THE JEWISH NEWS
'Israel A Visit to the 01,d and the New
Incorporating the Detroit Jewish Chronicle commencing with issue of July • 20, 1951
Member American Association of English-Jewish Newspapers, Michigan Press Association, National Editorial Association
Published every Friday by The Jewish News Publishing Co, 17100 West Seven Mile Road, Detroit 35, Mich., VE. 8-9384
Illubscription $4 a year. Foreign $5.
Entered as second class matter Aug. 6, 1942, at Post Office, Detroit, Mich., under Act of March 3, 1879
Editor and Publisher
XXVII, No. 6
April 15, 1955
Sabbath Scriptural Selections
This Sabbath; the twenty-fourth day of. Nissan; 5715, the .followng Scriptural selections will
be read..in our synagogues:
Pentateuchal )3ortion. Lev. 9:1-11:47: Prophetical portion. 11 Sam. R:1-7:17.
Licht Benshen, Friday. April 15, 6.53 p.m.
Rosh Hodesh Iyar Readings of the Law. Friday.. April 22. Num. 28:15.
Welcome to Detroit, Ambassador Eban
Israel's Ambassador to the U.S., Abba
Eban, comes here on April '19, to assist in
spurring efforts for the Allied Jewish Cam-
paign. His • visit in our community follows
strenuous months of efforts in Israel's de-
fense at the United Nati6ns. Ambassador
Eban is carrying a heavy load. Placed on the
defensive, in view of the recent Gaza occur-
rences, and because' of the United Nations
Security Council's censure, he has worked
under tensions that would challenge the ener-
gies of the strongest man.
He is . a strong man indeed to have been
able to labor under the trying burdens that
have been imposed upon him. In addition to
his duties as Israel's Ambassador and as his
government's Chief • Delegate to the United
Nations, Mr. Eban travels frequently to en-
courage American Jewry's generous partici-
pation in funds aimed at assisting in Israel's
economic growth and in the integration of
newcomers to that state from lands of op
pression. - • -
Ambassador Eban's visit here will be at
the height of the Allied Jewish Campaign
activities. All the divisions in the drive are
at work to gather the •great fund that is
needed in behalf of Israel, for overseas relief
purpoes and for the support of the local
agencies which serve to make our community
a wholesome place to live in..
One of world Jewry's very great person-
alities will be here on Tuesday to encourage
our continued generosity. The standards of
giving established by our community point to
a hearty response commensurate both with
the needs of the hour and with our traditions
for good giving.
The Art Institute Te rcentenary Exhibit
Another high mark in cooperative efforts
among all our civic and cultural move--
ynents has been set by the sponsorship
of the art exhibition at the Detroit Inst.;
tute of Arts, on the occasion of the American
The Art Institute's staff, with the aid of
the ex l its c-6 Editt 60_ f -the Deal & ItKeeT1-
tenary Committee, has athered some inter-
esting silver and art objects for display here.
The collection now on view includes" theworks
of several very distinguished American silver-,
smiths and artists.
Included in the works now being exhibited
are the silvel- creations of Paul Revere and
Myer Myers as well as portraits and silhou-
ettes of noted personalities by famous artists.
It is sincerely to be hoped that all Detroit
Jews will plan to see this exhibit and that,
these wild beLadaysealtendance at tin official
reception and lecture on -rpXrg. It Will
another form of honoring the American Jew-
The Puzzles of Our State Department
It is difficult to understand the unpredict-
able and fickle attitudes of some of our State.
Several occurrences of the past few
weeks have emerged as puzzles. •
The removal from office of Edward J.
Corsi as the State Department's expediter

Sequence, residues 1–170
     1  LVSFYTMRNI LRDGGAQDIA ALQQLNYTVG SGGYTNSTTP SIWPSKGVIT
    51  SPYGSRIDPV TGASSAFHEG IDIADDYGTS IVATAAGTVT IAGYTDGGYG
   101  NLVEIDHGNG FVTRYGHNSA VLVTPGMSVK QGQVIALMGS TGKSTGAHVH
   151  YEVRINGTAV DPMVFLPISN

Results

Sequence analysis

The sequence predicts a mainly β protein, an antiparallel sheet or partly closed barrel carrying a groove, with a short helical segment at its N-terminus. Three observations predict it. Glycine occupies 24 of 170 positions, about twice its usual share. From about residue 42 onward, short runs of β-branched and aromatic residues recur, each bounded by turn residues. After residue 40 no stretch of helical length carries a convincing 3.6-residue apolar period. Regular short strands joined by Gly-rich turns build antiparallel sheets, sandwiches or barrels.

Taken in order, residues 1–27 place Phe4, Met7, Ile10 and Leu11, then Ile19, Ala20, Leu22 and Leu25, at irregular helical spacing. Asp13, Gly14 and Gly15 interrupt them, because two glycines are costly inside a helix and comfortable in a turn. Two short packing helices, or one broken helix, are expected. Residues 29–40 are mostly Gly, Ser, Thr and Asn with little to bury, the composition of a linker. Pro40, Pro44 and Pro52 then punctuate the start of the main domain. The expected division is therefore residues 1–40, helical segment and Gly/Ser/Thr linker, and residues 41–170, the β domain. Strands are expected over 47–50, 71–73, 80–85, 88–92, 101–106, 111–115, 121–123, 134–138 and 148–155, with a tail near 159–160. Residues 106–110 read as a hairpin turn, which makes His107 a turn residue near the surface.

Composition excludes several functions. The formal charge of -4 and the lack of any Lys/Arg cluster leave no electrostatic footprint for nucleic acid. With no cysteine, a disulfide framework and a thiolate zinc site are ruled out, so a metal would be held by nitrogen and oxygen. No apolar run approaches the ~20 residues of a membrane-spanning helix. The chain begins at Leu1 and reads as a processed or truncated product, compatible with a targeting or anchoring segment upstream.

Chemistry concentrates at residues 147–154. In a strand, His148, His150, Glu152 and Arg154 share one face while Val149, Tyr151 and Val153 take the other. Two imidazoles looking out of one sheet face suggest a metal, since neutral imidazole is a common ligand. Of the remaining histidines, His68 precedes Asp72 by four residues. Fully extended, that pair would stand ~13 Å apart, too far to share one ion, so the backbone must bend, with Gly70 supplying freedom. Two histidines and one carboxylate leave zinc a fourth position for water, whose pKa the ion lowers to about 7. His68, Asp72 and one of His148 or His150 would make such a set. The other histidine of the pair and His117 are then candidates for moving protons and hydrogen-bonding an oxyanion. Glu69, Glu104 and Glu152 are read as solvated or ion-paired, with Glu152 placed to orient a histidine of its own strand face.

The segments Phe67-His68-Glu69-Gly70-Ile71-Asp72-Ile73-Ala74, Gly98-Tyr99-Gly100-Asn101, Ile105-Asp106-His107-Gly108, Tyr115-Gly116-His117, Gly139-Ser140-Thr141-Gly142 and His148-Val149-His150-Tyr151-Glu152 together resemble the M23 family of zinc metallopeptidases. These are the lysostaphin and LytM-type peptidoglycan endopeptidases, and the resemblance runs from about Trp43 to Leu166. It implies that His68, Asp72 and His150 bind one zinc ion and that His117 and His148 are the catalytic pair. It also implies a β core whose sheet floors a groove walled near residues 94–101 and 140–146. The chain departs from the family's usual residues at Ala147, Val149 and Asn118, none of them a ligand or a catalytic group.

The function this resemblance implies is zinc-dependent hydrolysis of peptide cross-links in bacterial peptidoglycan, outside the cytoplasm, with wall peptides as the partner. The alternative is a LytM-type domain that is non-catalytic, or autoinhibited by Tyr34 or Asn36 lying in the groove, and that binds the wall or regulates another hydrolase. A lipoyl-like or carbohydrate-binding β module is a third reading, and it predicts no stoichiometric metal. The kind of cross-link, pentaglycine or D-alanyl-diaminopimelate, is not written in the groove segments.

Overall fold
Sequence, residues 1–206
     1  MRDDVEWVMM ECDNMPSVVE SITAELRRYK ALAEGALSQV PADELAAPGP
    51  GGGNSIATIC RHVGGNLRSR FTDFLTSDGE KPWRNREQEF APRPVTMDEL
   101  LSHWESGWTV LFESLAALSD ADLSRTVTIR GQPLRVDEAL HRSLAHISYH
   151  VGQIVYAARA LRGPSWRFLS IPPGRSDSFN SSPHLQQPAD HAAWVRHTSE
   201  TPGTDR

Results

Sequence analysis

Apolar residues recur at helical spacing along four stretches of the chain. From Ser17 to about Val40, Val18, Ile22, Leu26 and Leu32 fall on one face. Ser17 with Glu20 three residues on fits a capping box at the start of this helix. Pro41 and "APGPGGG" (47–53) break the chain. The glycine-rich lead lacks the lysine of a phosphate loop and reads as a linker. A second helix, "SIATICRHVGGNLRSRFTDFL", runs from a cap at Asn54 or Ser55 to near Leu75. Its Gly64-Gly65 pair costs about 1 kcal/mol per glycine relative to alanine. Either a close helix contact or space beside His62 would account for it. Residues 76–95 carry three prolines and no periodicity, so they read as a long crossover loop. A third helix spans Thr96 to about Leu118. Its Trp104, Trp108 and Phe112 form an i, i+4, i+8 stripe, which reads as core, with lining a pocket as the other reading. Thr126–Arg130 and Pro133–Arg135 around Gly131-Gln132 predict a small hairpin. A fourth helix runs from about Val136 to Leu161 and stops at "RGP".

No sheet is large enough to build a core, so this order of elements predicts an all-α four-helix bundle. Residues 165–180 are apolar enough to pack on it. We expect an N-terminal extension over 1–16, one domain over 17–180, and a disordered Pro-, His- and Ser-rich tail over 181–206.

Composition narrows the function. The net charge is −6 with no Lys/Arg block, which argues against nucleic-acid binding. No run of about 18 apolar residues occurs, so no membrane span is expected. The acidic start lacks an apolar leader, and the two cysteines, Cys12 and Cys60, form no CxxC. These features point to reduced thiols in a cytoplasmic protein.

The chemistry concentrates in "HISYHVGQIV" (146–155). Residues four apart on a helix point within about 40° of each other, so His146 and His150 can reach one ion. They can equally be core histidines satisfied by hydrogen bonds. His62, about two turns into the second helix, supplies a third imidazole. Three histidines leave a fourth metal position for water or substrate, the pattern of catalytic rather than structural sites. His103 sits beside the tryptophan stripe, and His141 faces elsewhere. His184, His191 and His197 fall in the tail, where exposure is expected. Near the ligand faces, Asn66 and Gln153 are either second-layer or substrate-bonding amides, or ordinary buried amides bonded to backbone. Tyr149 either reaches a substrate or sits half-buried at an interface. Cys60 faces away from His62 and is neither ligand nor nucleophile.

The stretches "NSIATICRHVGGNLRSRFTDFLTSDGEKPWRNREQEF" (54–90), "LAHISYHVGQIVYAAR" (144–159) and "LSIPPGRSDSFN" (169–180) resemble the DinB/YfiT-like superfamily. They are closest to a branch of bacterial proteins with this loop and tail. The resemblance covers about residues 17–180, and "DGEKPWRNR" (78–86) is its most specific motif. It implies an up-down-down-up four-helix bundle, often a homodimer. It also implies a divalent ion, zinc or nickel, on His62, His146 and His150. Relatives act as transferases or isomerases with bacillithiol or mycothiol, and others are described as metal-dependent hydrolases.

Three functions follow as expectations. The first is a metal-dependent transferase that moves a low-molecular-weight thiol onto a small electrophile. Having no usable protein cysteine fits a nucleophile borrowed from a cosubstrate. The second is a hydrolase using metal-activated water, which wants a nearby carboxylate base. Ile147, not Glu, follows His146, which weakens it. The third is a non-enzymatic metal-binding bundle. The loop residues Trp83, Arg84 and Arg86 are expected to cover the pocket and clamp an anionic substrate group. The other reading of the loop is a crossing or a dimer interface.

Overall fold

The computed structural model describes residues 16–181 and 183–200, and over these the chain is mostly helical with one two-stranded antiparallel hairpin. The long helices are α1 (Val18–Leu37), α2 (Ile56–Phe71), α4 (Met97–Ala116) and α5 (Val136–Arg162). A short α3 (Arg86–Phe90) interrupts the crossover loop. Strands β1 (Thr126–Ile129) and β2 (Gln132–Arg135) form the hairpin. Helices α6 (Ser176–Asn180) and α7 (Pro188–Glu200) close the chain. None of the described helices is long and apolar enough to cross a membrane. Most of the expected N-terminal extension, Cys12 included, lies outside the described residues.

of immigration regulations is an enigma, in
view of the Department's assertion that
there is no question about Mr. Corsi's "secur-
Only Mr. Corsi's strong convictions about
the injustice of the McCarran-Walter Act
cOuld possibly have led to an additional in-
justice: the ousting of this able administra-
tor from an important government post.
Even more of a riddle is the State De-
partment's attitude in matters involving the -
Israel-Egyptian conflict and the recent Cairo
trials which resulted in savagery: the hang-
ing of accused Jews on the charge of "Zion-
While nearly three months have passed
since that tragic occurrence, the matter can
not be relegated to the forgotten past, es-
pecially because of the position taken by a
spokesman for the State Department.
When Jewish spokesmen ex.preged their
shock over the hangings, Howard A. Cook,
Chief of the :Public Services Division of the
State Depadment, writing for the Secretary
of State, offered thiS astonishing "explana-
"Our Government did everything it appro-
priately could do with respect to this matter.
You will be interested to know that persons
by no means partial to the prosecution observed
the prOcee-dings and declared them. fair. The
accused were capably defended in open trial
by lawyers of their own or their families'
choice, the request of the prosecution for a
closed trial having been refused.
"I can assure you that We shall continue
to work in cooperation with the countries of
the Near East toward a reduction of tensions
and the establishment of conditions conducive
to a settlement of current area problems."
This is a differing view, which is strength-
ened by the following letter Mr. Baldwin
wrote to Col. Gamal Abdel Nasser, the Prime
Minister of Egypt, On Jan. 31: -
"When. you granted me recently the privii-
lege of an interview on the.policies of your
government. to human rights, I came away
with the impression of your understanding
and moderation, your commitment to those
rights in the revolution and in. Egypt's role in
the United. Nations.
"But your approval of the savage sentences
in the -Zionist espionage case, in which you
had the assurances of my interest, contradicts
the impression I received. The death sentences
are, so far as I could learn, the only _ones lin-
posed by your government where no act of
violence was involved or conspiracy to commit
it. The evidence was clear that these men
were the aides of two foreign agents who es-
cape& and were not tried, and that the espion-